740.00119 Control (Germany)/4–2747: Telegram

The Political Adviser for Germany (Murphy) to the Director of the Office of European Affairs (Matthews)

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1006. For Matthews. For delivery first thing Monday9 morning. There is repeated below for your info tel CC–8933 from Clay to General Noce regarding current negotiations with British on subject of economic controls under bi-zonal agreement.

As you know Mr. Bevin is due in Berlin Monday and I believe Robertson will report to him on arrival present lack of success in agreeing on economic controls. You will note Clay’s stated opinion that question should be considered on Govt level.

I have discussed at length with General Clay and he has agreed to the repetition of message below because Dept may shortly be informed of British reaction directly. Bevin will undoubtedly discuss matters with Clay Monday and Clay will restate his position and inform Bevin that he has requested instructions from his govt.10

You are aware of the importance of this question. It involves (1) the issue whether US is prepared contrary to existing policy to approve in western Germany a system of rigid central economic controls and planning with a similar system of central control of food distribution, (2) whether we are also prepared to go along with British in support of German Social Democrats’ design for socialization of German enterprise which apparently has support of British Labor Party and Cabinet and (3) whether British plans do not contemplate a far greater expenditure of US appropriated funds than we shall be able even if willing to contribute.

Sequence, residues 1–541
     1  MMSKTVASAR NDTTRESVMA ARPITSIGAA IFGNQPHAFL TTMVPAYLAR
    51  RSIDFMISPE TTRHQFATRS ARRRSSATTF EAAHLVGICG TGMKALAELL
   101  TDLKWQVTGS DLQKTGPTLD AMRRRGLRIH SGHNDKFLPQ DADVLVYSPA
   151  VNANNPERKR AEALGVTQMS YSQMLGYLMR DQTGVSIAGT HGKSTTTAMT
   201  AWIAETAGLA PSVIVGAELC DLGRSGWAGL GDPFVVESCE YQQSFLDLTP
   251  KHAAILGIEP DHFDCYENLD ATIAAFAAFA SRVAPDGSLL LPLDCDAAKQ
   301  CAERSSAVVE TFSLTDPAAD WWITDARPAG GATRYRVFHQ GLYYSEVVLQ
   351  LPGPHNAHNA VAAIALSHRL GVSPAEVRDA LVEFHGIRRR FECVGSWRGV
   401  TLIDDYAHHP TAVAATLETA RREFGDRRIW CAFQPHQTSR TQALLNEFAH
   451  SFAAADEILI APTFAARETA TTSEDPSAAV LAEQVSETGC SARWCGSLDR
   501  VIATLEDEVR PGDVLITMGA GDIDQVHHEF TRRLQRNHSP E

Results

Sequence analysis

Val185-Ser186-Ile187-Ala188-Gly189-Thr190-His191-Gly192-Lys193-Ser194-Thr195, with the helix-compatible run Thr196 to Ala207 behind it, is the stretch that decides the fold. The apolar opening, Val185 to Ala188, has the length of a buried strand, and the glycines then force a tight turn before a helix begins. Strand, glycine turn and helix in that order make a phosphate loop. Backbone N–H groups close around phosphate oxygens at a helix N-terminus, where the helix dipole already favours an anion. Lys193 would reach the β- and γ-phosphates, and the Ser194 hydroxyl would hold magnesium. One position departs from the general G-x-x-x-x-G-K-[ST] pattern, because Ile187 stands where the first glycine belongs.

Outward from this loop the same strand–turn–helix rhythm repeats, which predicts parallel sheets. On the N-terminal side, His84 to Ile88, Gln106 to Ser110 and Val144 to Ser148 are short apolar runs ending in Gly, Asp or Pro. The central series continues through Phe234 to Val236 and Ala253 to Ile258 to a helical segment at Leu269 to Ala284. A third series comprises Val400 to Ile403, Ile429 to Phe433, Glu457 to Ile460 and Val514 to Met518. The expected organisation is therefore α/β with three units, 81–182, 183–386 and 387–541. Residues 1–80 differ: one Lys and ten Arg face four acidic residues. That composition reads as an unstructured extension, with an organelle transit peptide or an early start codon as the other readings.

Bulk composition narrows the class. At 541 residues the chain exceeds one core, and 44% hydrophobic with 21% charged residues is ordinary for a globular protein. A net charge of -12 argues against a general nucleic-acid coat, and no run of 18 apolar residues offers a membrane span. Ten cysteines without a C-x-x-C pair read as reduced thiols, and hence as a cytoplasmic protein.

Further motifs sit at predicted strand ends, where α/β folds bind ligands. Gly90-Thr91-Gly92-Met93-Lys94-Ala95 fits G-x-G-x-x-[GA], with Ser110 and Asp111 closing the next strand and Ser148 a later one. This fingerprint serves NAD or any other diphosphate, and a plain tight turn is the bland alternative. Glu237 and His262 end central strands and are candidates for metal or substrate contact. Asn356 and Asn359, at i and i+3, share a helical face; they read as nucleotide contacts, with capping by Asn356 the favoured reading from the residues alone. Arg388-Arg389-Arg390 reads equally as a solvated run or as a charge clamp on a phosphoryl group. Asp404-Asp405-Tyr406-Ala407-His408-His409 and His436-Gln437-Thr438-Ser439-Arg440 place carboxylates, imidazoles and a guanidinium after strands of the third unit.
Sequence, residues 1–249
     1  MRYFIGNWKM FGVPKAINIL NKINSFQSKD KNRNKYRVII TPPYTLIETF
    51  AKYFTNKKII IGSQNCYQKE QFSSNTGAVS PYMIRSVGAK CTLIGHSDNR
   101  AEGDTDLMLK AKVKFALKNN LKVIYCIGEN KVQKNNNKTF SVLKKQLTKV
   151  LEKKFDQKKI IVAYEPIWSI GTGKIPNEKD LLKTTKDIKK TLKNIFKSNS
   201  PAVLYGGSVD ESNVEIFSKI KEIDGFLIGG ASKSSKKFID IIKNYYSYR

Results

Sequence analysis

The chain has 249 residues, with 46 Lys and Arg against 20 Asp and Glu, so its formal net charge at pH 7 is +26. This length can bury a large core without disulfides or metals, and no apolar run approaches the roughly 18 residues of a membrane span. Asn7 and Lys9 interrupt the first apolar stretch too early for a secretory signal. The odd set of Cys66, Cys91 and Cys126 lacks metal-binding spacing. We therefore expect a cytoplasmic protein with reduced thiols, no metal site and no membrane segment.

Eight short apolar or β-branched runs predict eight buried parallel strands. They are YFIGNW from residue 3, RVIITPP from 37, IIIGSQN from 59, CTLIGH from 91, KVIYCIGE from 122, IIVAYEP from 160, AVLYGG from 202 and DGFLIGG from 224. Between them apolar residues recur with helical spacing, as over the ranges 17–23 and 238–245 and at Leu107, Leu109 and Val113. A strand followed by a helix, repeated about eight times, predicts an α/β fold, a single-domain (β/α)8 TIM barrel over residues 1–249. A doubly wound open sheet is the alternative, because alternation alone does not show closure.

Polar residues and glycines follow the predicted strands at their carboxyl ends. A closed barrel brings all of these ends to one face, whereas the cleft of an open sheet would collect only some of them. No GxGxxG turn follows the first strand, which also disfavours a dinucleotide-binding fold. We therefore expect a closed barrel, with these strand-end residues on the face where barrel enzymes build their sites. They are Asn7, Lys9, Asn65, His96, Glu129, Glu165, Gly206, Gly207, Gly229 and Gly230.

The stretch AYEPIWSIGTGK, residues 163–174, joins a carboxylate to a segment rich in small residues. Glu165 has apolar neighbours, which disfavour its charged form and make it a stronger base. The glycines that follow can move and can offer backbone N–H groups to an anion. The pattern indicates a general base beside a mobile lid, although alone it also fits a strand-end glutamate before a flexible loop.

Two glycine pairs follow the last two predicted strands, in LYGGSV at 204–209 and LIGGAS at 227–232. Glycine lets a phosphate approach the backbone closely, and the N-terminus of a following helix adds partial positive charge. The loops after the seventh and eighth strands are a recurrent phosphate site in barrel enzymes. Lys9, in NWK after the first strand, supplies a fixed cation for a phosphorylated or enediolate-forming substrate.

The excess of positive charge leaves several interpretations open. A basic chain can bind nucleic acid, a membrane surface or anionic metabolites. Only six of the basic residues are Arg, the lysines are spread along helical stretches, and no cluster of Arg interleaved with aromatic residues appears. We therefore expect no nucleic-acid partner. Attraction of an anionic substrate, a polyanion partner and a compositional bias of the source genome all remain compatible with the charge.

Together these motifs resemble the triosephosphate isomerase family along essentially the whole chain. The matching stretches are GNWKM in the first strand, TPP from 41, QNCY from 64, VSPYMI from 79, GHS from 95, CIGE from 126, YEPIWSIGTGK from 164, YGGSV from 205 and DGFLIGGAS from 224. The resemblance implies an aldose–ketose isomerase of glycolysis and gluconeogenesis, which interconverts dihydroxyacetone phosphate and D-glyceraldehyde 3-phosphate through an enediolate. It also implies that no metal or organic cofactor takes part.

I hope that you, Hilldring, Thorp, Chip11 and Ben12 can give urgent thought to this question before briefing the Secretary who has stated his active interest in the success of the bi-zonal operation. I [Page 910]would like him to know that I am assured that Clay is every bit as eager to achieve that success. At the same time fundamental issues are involved which do require as basic policy matter top level study and decision.

Text of Clay’s message to Noce follows:12a

CinCEur Personal from Clay

AgWar for WDSCA Personal for Noce